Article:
3) The musical accompaniment of the opening bars of "Take Me Out to the Ballgame" on the sitar, in the ads, is clever.

c w j said...

I'm an actor who performed in the most recently produced set of these spots. When I saw them before, I thought they were funny. They raised an eyebrow, but it seemed to be the most boorish people were the fans.

Having been on set though and met Shavarish and Mandeep, and seeing that they are NOT actors (I think it was Mandeep that actually had to have some direction translated for him) AND seeing the way they were talked to by the director, I feel like they're being exploited.

They also had a lady playing his "Indian wife" and doign an "Indian dance".

I don't know. You don't really know until the spot's done. We'll see.

I am a little more troubled by the MetroPCS "Tech Talk" comms.

Noah said...

I just saw the sports store ad and thought, "wow, this is disturbing". I found your blog after goggling to see if there is any discussion on the subject. I agree with Jennifer and you. Why is there not more of a discussion on the subject?

Anonymous said...

I believe it's "Step'n Fetchit" not Stefan...but I could be wrong.

Not sure if this is a racist sterotype or not. I have to admit that I think the commercials are hilarious and I love these guys. I really do.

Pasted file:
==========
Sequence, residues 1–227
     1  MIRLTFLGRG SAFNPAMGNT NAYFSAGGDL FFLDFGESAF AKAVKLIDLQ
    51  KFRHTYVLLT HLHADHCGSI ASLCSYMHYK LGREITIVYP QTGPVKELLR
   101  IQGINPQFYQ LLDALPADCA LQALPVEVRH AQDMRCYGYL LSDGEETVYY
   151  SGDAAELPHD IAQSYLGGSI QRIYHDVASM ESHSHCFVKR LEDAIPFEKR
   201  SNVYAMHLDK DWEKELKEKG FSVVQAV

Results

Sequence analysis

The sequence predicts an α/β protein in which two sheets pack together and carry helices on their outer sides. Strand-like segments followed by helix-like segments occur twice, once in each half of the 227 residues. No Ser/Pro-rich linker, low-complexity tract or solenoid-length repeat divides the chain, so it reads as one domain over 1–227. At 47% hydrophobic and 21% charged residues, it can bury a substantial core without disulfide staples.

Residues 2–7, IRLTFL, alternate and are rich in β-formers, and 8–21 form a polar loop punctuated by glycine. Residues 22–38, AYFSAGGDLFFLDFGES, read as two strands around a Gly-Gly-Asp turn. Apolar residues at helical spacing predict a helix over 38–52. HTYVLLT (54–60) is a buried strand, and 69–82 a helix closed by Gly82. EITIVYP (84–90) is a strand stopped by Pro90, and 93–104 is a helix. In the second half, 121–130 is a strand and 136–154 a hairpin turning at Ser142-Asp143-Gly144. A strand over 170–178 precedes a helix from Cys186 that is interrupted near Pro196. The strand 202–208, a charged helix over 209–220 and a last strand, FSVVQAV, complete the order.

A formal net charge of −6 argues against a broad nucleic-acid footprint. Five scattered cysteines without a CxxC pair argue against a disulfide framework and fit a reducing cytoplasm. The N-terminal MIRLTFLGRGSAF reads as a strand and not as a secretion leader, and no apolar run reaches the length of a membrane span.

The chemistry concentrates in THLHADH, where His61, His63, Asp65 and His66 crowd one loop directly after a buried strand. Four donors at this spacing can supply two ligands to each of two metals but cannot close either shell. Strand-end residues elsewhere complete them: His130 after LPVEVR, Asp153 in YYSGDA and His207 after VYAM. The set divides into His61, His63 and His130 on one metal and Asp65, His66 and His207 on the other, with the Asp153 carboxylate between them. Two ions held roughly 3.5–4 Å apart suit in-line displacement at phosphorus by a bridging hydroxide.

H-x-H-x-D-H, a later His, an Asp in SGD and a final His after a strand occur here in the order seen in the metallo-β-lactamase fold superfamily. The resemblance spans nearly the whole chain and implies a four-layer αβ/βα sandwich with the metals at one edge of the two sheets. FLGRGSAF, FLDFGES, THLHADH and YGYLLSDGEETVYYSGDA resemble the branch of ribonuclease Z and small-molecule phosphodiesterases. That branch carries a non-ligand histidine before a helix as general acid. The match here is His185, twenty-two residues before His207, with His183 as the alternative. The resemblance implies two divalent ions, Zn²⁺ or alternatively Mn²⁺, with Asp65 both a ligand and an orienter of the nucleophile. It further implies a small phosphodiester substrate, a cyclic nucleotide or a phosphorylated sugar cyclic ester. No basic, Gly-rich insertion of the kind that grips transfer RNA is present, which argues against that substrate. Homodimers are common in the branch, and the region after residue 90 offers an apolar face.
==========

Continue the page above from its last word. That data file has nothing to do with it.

But I watch these commercials and I see how the customers destroy the store all the time and I think to myself "hate crime" Would these people go to Dick's Sporting Goods or Modells and destroy property like that? No...but they have problem tearing up the Paki Guy's Store.

Just kidding...

But speaking of Step'n Fetchit, who was an African-American tap dancing, Mammy-ing, walking, talking, shuffling sterotype from years ago. Actors and Actresses like that broke into movies and later in television portraying charactors that were driven by awful and very racist sterotypes. It went on for years and years. Blacks were not permitted to be the stars or the heroes and the intelligent characters in old moives and tv shows. They were the comedy relief at best and villainous animals at worst.